2. Fixation warning behaviour: This is described as an increased pathological preoccupation with either a person or an ideology or cause. Fixation can be a normal part of life, such as the emotion of loving, however when that fixation then consumes your every waking moment and becomes obsessive, it becomes pathological and is often linked to stalking behavior. From a security perspective this can be difficult to identify, however an unnatural volume of interest may be an indicator. One of the risks attached to such fixation is the need for close proximity and when this is frustrated it can metamorphise into strong emotions of anger and emotionally hijacks their lives. Research conducted into attacks on British politicians this century indicated that the fixation in each case was on a cause or ideology rather than the individual. Thomas Mair, the killer of Jo Cox MP, was fixated on extreme rightwing ideology and the idea that immigrants were taking over.
  3. Identification warning behaviour: This is described as behaviour that suggests a psychological desire to be a ‘pseudo-commando’. This is often associated with those who consider themselves to be ‘soldiers’ of a cause and dress up in military style outfits. A good example of this is Anders Behring Breivik who dressed up in military uniforms, identified himself as a Commander in the Knights Templar and considered that he was fighting a cause. The research suggests the subjects who demonstrate this behaviour have emotions of anger and resentment. Another sign of this behaviour is the association and research into the actions of other attackers. The subject will have researched other attacks and seek to link himself to that attack or gain confidence. from
  4. Novel Aggression warning behaviour: This is best described an act of violence or aggressive behaviour in which the subject is testing their ability to act in such a way. It is usually unrelated to the ‘pathway’ on which they are travelling and can be totally out of character. The act may be completely unrelated to what they intend on doing and property crimes may be an indication. In October 2014, Michael ZehafBibeau murdered Corporal Nathan Cirillo, a Canadian soldier, and injured three others. Three years earlier, in December 2011, he had walked into the Royal Canadian Mounted Police (RCMP) field office in Burnaby, British Columbia, and said he wanted to be arrested for an armed robbery he committed a decade earlier; no such recorded crime existed. The next night, he tried to rob a McDonald’s restaurant with a pencil, then waited for the police to arrive.
  5. Energy Burst warning behaviour: This is a key indicator that the intention is escalating and can occur in the hours, days or weeks before the actual event. It is characterised by an increase in pre-attack activity and can be signs of final preparations, purchasing equipment or conducting hostile reconnaissance or internet activity. In May 2010 Roshonara Choudhry, having radicalised herself online, dropped out university and made an appointment to see her local Member of Parliament, Stephen Timms. She then quickly paid off her student loan and closed her account before buying knives on her way to attending his office where she attempted to kill him. This all happened in a matter of days before the attack.
  6. Leakage Warning behaviour: This is where the subject communicated their intention to a third party. This can be done in person, online, in a journal or letters. A recent example of this is Jack Renshaw who told his associates that he was planning to murder someone: Rosie Cooper, his local Member of Parliament. A member of his group subsequently informed on him. There are number of theories as to why someone might ‘leak’ intent of an attack. These motivations could vary from the need for excitement, a sense of accumulating power, a desire to frighten or intimidate, seeking of attention, or fear and anxiety concerning the impending act. Recently, we have increasingly seen attackers publishing their ‘manifesto’. This perhaps suggests that they want to be remembered or associated with the attack in the contemplation of their arrest or death.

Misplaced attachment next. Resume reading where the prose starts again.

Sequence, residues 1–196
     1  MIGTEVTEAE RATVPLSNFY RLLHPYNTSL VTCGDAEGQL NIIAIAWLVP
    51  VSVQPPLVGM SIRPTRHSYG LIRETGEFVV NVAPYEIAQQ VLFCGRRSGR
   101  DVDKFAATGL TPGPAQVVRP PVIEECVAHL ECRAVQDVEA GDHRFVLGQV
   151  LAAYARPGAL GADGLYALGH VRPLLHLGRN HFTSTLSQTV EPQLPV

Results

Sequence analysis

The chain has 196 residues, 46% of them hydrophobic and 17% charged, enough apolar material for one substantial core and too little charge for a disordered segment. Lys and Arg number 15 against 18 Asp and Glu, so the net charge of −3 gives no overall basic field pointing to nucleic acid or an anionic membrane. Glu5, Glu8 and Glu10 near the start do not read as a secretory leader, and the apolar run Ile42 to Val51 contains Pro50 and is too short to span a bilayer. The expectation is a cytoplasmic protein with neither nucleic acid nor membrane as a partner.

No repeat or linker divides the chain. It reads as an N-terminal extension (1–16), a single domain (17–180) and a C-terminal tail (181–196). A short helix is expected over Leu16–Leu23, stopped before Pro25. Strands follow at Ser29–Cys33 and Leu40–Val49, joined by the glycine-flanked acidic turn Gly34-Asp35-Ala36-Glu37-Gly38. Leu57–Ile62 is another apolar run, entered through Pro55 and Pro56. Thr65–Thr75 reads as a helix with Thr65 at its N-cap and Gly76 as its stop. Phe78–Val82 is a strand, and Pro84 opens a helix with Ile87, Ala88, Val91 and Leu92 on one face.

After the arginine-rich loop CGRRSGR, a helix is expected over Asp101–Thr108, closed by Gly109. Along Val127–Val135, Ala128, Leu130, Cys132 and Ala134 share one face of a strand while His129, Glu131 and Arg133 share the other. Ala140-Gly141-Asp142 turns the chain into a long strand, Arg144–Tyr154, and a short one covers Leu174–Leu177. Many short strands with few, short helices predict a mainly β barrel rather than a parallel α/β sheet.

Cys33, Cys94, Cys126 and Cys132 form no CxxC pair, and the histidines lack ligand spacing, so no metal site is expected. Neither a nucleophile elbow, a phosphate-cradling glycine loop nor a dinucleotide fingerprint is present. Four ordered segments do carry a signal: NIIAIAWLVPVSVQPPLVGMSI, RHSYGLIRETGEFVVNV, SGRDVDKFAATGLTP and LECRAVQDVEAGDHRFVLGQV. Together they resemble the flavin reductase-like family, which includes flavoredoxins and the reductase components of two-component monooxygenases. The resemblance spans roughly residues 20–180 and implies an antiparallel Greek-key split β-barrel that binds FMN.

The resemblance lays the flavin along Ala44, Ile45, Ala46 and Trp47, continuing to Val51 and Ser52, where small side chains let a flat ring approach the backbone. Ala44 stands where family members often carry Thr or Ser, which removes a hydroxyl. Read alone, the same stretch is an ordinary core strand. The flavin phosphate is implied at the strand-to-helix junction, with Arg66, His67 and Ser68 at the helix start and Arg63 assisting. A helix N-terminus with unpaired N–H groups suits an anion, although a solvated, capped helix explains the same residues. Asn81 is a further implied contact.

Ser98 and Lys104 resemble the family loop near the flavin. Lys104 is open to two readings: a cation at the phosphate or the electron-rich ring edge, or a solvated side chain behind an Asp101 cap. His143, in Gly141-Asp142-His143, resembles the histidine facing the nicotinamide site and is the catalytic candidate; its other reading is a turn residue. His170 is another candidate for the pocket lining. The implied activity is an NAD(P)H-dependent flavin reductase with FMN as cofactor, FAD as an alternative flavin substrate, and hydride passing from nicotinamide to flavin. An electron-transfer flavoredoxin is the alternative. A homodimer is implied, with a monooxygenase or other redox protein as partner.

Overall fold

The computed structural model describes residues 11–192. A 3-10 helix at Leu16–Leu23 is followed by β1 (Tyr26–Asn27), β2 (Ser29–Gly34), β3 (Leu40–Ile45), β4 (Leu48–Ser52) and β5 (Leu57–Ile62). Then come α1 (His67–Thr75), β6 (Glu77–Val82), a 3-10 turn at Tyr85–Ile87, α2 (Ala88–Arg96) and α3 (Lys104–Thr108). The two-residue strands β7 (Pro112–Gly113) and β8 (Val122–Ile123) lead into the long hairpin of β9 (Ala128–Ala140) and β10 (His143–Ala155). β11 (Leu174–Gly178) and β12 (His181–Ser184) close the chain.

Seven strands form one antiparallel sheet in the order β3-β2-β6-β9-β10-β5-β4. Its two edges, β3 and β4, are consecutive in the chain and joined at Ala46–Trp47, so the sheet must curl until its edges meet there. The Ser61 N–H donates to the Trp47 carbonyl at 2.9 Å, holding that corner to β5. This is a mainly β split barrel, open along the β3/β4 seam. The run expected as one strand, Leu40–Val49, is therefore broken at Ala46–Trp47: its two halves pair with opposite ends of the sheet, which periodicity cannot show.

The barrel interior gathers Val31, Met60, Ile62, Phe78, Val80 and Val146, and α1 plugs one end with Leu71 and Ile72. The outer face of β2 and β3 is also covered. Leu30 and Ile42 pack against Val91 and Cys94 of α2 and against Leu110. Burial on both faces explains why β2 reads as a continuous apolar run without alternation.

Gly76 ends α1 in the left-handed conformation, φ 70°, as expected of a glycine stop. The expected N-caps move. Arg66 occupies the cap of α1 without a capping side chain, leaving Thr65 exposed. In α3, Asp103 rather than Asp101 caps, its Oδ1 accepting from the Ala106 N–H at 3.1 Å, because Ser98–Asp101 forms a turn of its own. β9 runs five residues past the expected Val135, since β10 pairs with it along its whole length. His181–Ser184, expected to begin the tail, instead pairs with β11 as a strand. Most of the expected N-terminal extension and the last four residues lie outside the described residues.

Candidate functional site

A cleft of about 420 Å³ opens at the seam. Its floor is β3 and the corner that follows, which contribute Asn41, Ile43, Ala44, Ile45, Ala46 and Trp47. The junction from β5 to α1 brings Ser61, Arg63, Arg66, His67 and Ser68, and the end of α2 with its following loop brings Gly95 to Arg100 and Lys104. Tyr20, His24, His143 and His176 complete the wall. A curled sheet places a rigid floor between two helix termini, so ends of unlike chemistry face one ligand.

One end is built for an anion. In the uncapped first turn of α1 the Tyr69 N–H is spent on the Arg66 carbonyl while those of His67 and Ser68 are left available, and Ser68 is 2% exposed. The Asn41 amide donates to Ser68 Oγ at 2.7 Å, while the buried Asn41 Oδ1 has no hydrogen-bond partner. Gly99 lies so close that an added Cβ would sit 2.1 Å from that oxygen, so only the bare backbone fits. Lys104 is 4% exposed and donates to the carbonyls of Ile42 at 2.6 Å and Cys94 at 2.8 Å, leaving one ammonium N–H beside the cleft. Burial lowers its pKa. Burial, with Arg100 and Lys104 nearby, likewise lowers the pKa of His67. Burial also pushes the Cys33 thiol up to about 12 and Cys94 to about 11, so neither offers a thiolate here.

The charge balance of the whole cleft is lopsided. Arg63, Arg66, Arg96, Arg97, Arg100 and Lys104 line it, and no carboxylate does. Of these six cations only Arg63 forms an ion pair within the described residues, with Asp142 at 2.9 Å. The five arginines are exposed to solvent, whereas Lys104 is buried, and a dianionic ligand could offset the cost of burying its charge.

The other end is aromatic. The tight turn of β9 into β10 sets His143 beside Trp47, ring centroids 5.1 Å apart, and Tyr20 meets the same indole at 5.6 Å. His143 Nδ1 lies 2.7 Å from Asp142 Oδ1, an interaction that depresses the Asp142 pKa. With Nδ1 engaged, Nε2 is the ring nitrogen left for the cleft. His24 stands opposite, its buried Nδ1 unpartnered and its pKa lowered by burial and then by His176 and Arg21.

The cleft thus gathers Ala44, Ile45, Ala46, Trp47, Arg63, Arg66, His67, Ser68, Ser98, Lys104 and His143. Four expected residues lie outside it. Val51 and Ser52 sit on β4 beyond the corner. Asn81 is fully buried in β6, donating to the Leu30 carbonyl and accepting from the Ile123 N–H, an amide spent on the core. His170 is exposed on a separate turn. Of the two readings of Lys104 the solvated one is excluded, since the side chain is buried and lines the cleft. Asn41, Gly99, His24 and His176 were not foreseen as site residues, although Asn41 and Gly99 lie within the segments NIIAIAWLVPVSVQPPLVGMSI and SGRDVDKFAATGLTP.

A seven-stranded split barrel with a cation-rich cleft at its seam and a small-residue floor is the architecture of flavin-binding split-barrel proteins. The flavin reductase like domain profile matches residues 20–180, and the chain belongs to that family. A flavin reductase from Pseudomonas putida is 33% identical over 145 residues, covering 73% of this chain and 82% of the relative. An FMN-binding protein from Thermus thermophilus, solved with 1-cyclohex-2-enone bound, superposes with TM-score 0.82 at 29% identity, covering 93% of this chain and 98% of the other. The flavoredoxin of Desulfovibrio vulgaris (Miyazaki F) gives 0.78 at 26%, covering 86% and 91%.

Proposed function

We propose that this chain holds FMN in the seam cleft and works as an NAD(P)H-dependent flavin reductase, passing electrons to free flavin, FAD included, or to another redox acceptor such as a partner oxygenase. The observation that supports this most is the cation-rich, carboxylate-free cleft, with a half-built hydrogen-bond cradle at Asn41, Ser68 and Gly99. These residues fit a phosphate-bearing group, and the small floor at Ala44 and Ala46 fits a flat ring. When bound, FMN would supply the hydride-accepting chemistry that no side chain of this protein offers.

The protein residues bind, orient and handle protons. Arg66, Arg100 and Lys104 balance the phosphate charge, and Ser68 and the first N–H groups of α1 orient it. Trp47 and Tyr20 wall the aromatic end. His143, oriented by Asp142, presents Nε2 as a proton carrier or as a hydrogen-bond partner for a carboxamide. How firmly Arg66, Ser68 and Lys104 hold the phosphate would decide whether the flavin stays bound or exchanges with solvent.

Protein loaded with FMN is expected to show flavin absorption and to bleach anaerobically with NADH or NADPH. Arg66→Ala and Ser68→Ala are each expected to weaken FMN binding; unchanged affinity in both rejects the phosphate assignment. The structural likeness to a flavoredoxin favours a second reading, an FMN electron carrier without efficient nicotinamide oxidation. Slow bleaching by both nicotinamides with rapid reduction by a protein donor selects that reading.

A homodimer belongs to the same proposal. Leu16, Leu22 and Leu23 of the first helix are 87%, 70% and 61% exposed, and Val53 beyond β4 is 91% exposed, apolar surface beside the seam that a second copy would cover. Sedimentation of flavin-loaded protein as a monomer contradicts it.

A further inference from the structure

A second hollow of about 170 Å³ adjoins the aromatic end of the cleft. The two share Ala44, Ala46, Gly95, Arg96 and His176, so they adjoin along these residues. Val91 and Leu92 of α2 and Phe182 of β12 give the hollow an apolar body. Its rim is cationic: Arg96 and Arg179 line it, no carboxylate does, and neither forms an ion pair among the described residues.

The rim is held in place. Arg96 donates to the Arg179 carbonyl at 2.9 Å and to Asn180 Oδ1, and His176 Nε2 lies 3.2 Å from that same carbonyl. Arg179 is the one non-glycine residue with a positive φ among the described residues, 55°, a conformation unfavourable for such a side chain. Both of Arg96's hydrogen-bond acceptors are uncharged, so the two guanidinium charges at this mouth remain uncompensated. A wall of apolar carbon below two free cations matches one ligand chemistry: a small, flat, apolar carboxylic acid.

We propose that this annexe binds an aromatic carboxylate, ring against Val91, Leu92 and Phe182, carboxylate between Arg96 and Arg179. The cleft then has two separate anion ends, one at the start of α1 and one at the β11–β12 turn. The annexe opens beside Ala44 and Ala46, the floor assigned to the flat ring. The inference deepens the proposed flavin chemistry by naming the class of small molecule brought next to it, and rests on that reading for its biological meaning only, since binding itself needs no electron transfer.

7. Last resort warning behaviour: This behaviour is evidenced by language of no hope. It suggests that the subject sees no alternative, and nothing left to live for. It is an indication of a view that there is no alternative other than violence and seeks to justify the action. It can also be witnessed by reckless behaviours which show no concern for future consequences. This behaviour was evidenced by the Westminster attacker five days before the attack in a “goodbye visit” he visited his mother as he [Masood] was leaving the house, he turned over his shoulder and said: ‘They’ll say I’m a terrorist, I’m not’. When a threat is received, these steps, when taken together can provide a forensic basis on which it can be assessed, increase accuracy and provide those tasked with providing a detailed rationale for their decision making. It is worth noting that any assessment is just that, an assessment and no model can prove unequivocally that no threat exists. Defuse Global is a consultancy whose clients include public figures and those who have a high profile, many of whom receive communication that is threatening, abusive or intimidating. Prior to launching Defuse Global, its founder, Philip Grindell was brought into Parliament following the murder of the politician Jo Cox, and to set up and run the team tasked with stopping the next attack whilst investigating the abuse, threats and intimidation directed at British politicians. Having researched threats assessments and relevant research and tested many within Parliament, Defuse Global formulated their forensic assessment of threats, which forms part of `The SAFER Model’.

Philip Grindell MSc MSyI is a member of Association of Threat Assessment Professionals (ATAP), is qualified in Stalking Risk Profile, a member of ASIS and a member of The Security Institute. In addition, he is a trained Counter Terrorist Security Co-Ordinator. The former Scotland Yard detective is founder and CEO of Defuse or @Defuseglobal on Twitter/ Instagram.